Music-based video games, from Vocaloids like Hatsune Miku to Guitar Hero to Rock Band, are notorious for slapping reflex-heavy and overtly simple gameplay onto music, then banking on the player’s compulsions—the need to hit that one note—to do the grunt work for them. Audiosurf 2, currently in early beta (up for grabs via Steam early access—which is how I played the game) has a different philosophy. Rather than rely on music to convey its content, it enhances music with its own dynamic message.
Onward and upward!
Dynamic really is the key word here. Audiosurf 2 doesn’t saddle the player with a collect-the-notes experience to be customized only through slight variations in difficulty. Instead, it invites the player to run, surf or swim through any song, in any gameplay mode, and with any aesthetic they desire. Virtually all music is compatible with the game's level-generator, and all of these elements are interwoven with the variance of the Steam Workshop, allowing player-made creations to shine free-of-charge. The result is a purposefully uncontained and synesthetic romp through all your favorite sounds.
The contrast … it's beatiful.
Nevertheless, this is a video game, so let’s talk gameplay. (Full disclaimer: My Audiosurf 2 experience revolved almost exclusively around electronic music—a genre I highly recommend given the game’s style.) From a digitized wakeboard to a rocket to whatever figure you download or think of, you guide an avatar through a digital track using your mouse, keyboard or gamepad of choice. In the most basic gameplay type, aptly dubbed “Mono,” you’ll be dodging grey globules and scooping up colored bricks, both of which are placed in accordance to the beats and notes of the current song.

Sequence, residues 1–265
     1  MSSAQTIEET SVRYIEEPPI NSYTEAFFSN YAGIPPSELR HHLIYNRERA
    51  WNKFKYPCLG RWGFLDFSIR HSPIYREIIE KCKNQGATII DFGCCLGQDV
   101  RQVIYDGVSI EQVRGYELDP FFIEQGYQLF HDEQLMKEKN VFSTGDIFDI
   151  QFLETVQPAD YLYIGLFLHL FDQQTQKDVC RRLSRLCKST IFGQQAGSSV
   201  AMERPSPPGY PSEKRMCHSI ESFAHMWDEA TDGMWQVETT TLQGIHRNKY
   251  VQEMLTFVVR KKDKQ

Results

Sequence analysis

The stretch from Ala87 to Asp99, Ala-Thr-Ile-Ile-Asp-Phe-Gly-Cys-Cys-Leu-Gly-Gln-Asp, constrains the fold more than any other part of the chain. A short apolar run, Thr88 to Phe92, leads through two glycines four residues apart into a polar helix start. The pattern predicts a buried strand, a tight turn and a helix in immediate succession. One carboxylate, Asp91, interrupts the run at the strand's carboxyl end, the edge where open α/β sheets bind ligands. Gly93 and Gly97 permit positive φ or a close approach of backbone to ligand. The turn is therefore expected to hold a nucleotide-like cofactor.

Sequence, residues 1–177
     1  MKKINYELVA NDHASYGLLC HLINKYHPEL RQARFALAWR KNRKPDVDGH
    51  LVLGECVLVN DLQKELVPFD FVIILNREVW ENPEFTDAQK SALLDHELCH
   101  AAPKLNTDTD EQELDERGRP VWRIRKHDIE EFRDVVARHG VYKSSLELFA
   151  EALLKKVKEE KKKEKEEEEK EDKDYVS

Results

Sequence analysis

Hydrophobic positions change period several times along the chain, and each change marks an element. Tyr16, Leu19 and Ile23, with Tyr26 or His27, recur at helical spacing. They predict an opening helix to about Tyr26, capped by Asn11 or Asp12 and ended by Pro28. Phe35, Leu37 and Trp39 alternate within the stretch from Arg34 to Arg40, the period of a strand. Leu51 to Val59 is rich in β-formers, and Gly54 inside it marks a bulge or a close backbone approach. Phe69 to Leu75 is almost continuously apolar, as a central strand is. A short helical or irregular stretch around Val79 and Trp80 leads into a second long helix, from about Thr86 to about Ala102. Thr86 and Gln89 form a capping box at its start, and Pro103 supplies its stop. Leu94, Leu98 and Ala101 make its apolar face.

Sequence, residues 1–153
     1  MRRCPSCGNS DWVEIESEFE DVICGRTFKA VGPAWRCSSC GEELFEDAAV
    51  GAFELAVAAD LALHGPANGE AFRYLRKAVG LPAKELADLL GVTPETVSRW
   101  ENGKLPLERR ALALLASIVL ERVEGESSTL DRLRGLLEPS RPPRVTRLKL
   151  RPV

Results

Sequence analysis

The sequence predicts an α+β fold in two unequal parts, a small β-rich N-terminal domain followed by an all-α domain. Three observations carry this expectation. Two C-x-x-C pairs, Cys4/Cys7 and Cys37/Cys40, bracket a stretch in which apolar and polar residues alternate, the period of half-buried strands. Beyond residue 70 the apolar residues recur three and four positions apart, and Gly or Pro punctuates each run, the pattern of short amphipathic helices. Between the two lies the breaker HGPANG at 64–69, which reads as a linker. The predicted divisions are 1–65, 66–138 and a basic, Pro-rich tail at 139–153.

Those features are just the surface. While at the helm of the aforementioned wakeboard in—you guessed it—“Wakeboard Mode”, you’ll also be on the lookout for spikes in the song’s rhythm. Much like how the song’s tempo dictates speed, these trigger large waves which allow you to launch your character into spectacles of aerial acrobatics. In the puzzle-based “Pusher” mode, colored blocks are divided into three sub-types which, using the three block lanes as a frame, must be collected in clusters to earn points. Things only get crazier when speed and gravity are changed, limiting the reaction-time window and adding more factors to the mix. There’s even a single-player co-op mode (you read that right) that lets you control two ships simultaneously.
Two? I can barely keep up with one!
This gameplay palette has something for everyone, from the fastidious score-grinder hellbent on dominating the online high scores to the relaxed user who’s just wants something different out of their favorite music. No matter the style, Audiosurf 2’s aim, one coined by the game’s creator, Dylan Fitterer, remains the same. You aren’t following in-game notes, you’re following music; you’re anticipating the visual and gameplay repercussions of intense music. From the goosebumps of literally riding a big build-up to the visual splendor of seeing a smorgasbord of effects echo music, Audiosurf 2 defies the commonplace definition of music-gaming and substitutes its own rhythm (excuse the pun).
Speaking of something for everyone: I at one point found myself jamming in gloriously pink fashion.
Your screen may get pleasantly chaotic at times, but this is all carried by a brutally simple control scheme. You can slide your mouse, tap your arrow keys or wiggle your analog sticks to move, and you have a whopping four trick buttons to keep track of. In addition, while wakeboarding, you can switch between a first- and third-person perspective, to either immerse yourself in the riding or get a better view of upcoming jumps.
Given its infancy and openness to player mods, the game’s current count of nine gameplay modes will likely grow well into double digits before its full release, and only snowball afterward. Luckily, there’s already plenty of variety, and no real need to go beyond the vanilla game. Still, variety’s the spice of life, so I say bring on the new modes.
No shortage of spice here.
The small problem of having all your music files on-hand will be alleviated through the eventual implementation of SoundCloud, a free-to-use, radio-esque music provider. Once SoundCloud comes into the mix, you’ll just be one search away from Audiosurfing all your favorite songs—which is good, because you’ll want to.
The tension, anticipation and satisfaction of music is palpable while surfing, and jumping and mind-bending your way through the game’s infinite visualized tracks is, even at this early stage, a unique experience. As such, despite some necessary polishing, Audiosurf 2 is well on its way to becoming a stunning success.